In addition to his wife, he is survived by a daughter, Yasmin; a son, Samy; and two sisters, Dorreya and Safa.
In 1978, he graduated second in his class of 800 from the Alexandria Medical School in Egypt. But he was less interested in practicing medicine than in unraveling mysteries, which had been an obsession of his ever since he was captivated by the novels of Enid Blyton as a child.
That obsession was at the heart of his work at the C.D.C. “We go into the basics of how a disease happens, the mechanism,” he said in an interview with Stat, a medical website, in 2016. “Putting pieces together. Solving puzzles.”
He earned a master’s in pathology from Alexandria University. But since autopsies were not permitted in Egypt for religious reasons, he did his residency in anatomic pathology at Emory University in Atlanta, where he also received a doctorate in experimental pathology.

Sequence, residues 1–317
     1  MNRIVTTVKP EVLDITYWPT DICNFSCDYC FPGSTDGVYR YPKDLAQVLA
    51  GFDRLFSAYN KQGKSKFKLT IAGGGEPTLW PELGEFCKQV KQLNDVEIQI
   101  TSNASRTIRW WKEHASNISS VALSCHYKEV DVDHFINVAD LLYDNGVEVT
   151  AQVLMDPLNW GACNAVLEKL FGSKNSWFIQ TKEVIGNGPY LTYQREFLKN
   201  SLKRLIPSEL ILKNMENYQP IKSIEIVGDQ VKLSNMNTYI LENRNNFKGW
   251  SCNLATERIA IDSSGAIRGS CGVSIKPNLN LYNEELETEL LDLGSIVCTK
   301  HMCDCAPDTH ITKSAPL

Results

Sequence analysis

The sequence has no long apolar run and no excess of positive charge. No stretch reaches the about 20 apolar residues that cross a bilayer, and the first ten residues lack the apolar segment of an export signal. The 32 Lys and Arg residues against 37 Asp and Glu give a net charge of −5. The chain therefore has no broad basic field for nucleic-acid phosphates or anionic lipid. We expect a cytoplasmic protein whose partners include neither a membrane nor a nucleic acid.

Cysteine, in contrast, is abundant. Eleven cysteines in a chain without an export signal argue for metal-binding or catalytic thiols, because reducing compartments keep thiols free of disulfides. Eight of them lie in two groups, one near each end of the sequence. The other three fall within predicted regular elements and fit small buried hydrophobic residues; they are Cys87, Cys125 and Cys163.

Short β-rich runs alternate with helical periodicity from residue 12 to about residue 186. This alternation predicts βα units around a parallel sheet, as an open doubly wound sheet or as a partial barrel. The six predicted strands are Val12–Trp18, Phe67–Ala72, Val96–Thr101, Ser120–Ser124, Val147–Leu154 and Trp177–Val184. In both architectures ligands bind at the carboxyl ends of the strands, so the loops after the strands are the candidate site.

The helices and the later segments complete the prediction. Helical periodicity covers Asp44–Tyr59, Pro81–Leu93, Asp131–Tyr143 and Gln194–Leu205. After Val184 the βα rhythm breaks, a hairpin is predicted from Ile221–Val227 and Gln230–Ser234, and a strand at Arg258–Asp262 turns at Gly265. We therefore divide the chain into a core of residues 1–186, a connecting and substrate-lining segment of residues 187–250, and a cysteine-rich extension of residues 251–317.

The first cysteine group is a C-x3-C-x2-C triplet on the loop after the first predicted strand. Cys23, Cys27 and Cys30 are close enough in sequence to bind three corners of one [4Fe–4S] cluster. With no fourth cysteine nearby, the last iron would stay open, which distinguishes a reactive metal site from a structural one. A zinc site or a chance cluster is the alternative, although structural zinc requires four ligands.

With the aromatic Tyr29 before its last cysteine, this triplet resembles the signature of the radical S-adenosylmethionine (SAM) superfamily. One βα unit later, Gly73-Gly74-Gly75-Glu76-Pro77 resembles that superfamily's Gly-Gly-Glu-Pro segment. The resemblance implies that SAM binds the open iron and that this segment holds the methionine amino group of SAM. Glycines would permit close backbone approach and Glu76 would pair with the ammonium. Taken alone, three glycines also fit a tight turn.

He then went to work at the C.D.C. and became a naturalized American citizen.
Described by James LeDuc, a former colleague, as “kind of the secret weapon for a lot of what was done at C.D.C. on emerging diseases,” he was awarded the Department of Health and Human Services Secretary’s Award for Distinguished Service, the department’s highest honor, nine times.
“What distinguished him as a researcher was creativity, collaboration, solid scientific methodology and a broad knowledge base.,” Dr. Inger K. Damon of the C.D.C.’s National Center for Emerging and Zoonotic Infectious Diseases said in an email.
Dr. Zaki had no illusions that his work would ever be finished.
“We think we know everything,” he told The New York Times in 2007, “but we don’t know the tip of the iceberg.”
“There are so many viruses and bacteria we don’t know anything about, that we don’t have tests for,” he added. “A hundred years from now, people will not believe the number of pathogens we didn’t even know existed.”